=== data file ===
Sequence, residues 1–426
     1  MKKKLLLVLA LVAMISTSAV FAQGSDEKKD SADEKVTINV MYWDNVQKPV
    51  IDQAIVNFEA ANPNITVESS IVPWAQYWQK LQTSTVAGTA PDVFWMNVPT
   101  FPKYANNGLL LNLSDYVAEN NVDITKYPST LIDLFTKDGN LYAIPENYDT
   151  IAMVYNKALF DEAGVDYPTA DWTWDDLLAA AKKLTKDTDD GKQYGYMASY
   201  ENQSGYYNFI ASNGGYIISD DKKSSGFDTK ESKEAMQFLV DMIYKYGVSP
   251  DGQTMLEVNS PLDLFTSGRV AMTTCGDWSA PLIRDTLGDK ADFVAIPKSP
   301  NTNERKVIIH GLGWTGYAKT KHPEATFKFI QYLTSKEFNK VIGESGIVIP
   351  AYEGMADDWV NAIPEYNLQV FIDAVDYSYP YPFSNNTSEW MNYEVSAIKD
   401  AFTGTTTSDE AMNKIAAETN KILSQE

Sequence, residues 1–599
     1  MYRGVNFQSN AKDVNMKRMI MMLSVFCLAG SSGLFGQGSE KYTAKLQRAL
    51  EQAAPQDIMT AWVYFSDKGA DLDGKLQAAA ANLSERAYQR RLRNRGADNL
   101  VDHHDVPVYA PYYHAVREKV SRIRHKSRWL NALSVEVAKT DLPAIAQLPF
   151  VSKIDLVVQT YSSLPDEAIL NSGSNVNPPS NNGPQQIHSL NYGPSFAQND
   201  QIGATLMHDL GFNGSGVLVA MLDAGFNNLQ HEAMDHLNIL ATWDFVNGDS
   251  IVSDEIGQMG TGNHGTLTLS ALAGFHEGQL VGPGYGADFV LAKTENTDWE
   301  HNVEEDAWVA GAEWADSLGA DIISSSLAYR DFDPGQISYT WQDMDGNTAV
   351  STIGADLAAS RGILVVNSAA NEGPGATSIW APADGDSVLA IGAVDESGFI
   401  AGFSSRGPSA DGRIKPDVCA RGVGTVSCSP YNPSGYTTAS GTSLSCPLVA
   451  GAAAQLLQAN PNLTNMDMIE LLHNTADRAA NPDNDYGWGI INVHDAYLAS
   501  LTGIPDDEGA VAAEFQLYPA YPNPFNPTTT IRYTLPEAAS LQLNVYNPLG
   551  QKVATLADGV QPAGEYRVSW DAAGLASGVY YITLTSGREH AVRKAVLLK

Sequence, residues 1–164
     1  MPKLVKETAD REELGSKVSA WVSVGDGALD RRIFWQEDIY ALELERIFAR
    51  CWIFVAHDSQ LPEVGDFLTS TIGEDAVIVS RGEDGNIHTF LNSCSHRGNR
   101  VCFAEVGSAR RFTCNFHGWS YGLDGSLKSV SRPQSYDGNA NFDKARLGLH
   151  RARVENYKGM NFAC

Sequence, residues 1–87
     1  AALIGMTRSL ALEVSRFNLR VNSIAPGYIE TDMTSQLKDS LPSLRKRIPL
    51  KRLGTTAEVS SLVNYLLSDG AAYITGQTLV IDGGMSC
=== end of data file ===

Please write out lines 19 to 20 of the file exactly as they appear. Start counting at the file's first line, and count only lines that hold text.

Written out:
   351  STIGADLAAS RGILVVNSAA NEGPGATSIW APADGDSVLA IGAVDESGFI
   401  AGFSSRGPSA DGRIKPDVCA RGVGTVSCSP YNPSGYTTAS GTSLSCPLVA